- Field offshore Ghana halted after damage to production vessel
- Company secures extension of bank lending facilities
Tullow Oil Plc said production at its flagship field offshore Ghana will resume in the next few days, while another project under development in the nation’s waters remains on track.
Production at the Jubilee field, which has been halted since March 20 because of a technical issue, will restart once new measures are in place to offload oil from the production vessel, Tullow said in a statement Thursday. The company also secured an extension of lending facilities following a review by its banks.
“A highly experienced project team are dealing with the turret issues,” on the Jubilee production vessel, Aidan Heavey, Tullow’s chief executive officer, said in a statement. “We have made excellent progress with the TEN Project” offshore Ghana, which remains on track to start in July or August, he said.
Shares of the company rose as much as 9.9 percent to 276.1 pence in London, the biggest gain in two weeks. Tullow is the best performer so far this year on the Stoxx Europe 600 Oil & Gas index, with shares advancing 66 percent.
Tullow halted Jubilee after discovering the fault in a bearing on the turret, which is moored to the seabed and allows the floating production, storage and offloading vessel to rotate. Output from the field fell to an average of 80,300 barrels a day in the first quarter, down from 102,600 last year. The issue won’t have a “material impact on future cash flow, due to the imminent resumption of production and appropriate insurance policies in place,” according to the statement.
The company’s overall production, including its share of Jubilee, was 65,700 barrels a day in the first quarter, “ahead of our cautious expectations,” Stephane Foucaud, an analyst at FirstEnergy LLP, said by e-mail. Despite a likely downward revision to full-year production guidance, Foucaud sees a “limited impact” on cash flow because of the insurance Tullow has in place.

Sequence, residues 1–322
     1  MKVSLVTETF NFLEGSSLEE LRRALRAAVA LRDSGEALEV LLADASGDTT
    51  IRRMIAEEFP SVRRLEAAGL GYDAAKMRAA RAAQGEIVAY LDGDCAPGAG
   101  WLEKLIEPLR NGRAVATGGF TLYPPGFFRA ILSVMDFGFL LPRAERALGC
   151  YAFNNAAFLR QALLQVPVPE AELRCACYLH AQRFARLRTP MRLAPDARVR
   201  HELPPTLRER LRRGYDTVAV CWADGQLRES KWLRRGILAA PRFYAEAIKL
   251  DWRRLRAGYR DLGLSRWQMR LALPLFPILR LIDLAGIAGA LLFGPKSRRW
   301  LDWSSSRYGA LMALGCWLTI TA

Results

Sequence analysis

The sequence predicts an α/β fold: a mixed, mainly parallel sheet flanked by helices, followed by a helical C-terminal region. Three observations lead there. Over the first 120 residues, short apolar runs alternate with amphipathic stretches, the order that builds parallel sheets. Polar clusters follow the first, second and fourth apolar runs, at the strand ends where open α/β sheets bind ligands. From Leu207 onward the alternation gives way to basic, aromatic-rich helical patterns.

“The insurance was set at a time of much higher oil prices” and it covers production losses reflecting a Brent price of $60 a barrel, Foucaud said. Brent traded at $47.16 a barrel at 11:53 a.m. in London.
It will be “some time” before claims can be completed, but the company is confident its insurance will cover the cost of the repairs to the FPSO, Tullow’s Chief Financial Officer Ian Springett said in a phone interview.
Tullow said it had secured a $3.5 billion loan facility based on its hydrocarbons reserves following a bi-annual review by banks. The previous facility agreed in October was for $3.7 billion. “Liquidity remains comfortable,” Oswald Clint, an analyst at Sanford C. Bernstein, said in a note.
Uganda’s decision this week to route its oil-export pipeline through Tanzania rather than Kenya will allow Tullow to move forward on its East African plans, said Chief Operating Officer Paul McDade.
Tullow began drilling wells in Kenya in 2012, but oil there remained undeveloped amid discussions regarding the pipeline route. “Until the route was decided, we couldn’t move to the next step,” McDade said by phone. Building a standalone pipeline in Kenya remains the “optimum option,” he said.